The new statutory provisions recognize that the termination of parental rights will normally cause detriment to an Indian child by interfering with his or her tribal connections. These provisions implement the legislative finding and declaration that “[i]t is in the interest of an Indian child that the child's membership in the child's Indian tribe and connection to the tribal community be encouraged and protected, regardless of whether the child is in the physical custody of an Indian parent or Indian custodian at the commencement of a child custody proceeding, the parental rights of the child's parents have been terminated, or where the child has resided or been domiciled.” (§ 224, subd. (a)(2); see also ICWA, 25 U.S.C. § 1902 [“it is the policy of this Nation to protect the best interests of Indian children and to promote the stability and security of Indian tribes and families by the establishment of minimum Federal standards for the removal of Indian children from their families and the placement of such children in foster or adoptive homes which will reflect the unique values of Indian culture”]; Mississippi Band of Choctaw Indians v. Holyfield (1989) 490 U.S. 30, 32–36; In re W.B. (Aug. 6, 2012, S181638) ––– Cal.4th –––– [2012 Cal. Lexis 7253, *21–22]; In re Desiree F. (2000) 83 Cal.App.4th 460, 469 [Indian Child Welfare Act “presumes it is in the best interests of the child to retain tribal ties and cultural heritage and in the interest of the tribe to preserve its future generations, a most important resource”].)
Accordingly, while the statutory construction of section 366.26 places the burden on the party opposing traditional adoption to show that this form of adoption would be detrimental to the minor (cf. In re S.B. (2008) 164 Cal.App.4th 289, 297), the interference with the minor's tribal ties that the Legislature has recognized and sought to avoid provides the prima facie showing of detriment that tips the preference in favor of tribal customary adoption. Absent some evidence of countervailing detriment to the minor that the court, in its discretion, concludes would result from this form of adoption, the default in the case of an Indian child is tribal customary adoption.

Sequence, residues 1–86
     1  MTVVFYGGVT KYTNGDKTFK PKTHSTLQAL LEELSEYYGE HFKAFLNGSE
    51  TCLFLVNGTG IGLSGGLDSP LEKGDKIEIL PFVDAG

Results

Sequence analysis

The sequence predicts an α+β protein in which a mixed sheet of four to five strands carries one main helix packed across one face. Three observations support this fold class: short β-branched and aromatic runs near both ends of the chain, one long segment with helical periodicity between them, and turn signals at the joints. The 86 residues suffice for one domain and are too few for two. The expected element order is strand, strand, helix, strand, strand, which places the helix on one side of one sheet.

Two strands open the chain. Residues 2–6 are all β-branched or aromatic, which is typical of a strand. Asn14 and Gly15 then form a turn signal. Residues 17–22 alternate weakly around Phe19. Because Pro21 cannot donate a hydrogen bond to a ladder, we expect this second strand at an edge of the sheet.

California Rule of Court, rule 5.725(d), which was amended effective July 1, 2010, to reflect the addition of tribal customary adoption as an alternative permanent plan, is somewhat clearer in this respect. The rule lists tribal customary adoption as the first alternative when determined by the court to be an appropriate permanent plan for an Indian child.6
III. Selection of tribal customary adoption remains within the discretion of the juvenile court subject to an abuse of discretion standard
Although the statute now modifies the preferred permanent plan for an Indian child, contrary to the tribe's contention nothing in the 2010 amendments suggests that the Legislature intended to alter the long-standing rule that the selection of a permanent plan is vested in the sound discretion of the trial court. (In re Jasmine D., supra, 78 Cal.App.4th at p. 1351.) Whether there is a compelling reason not to terminate parental rights has been described as a “quintessentially discretionary determination.” (Ibid.) Nothing in Section 366.24 removes that discretion.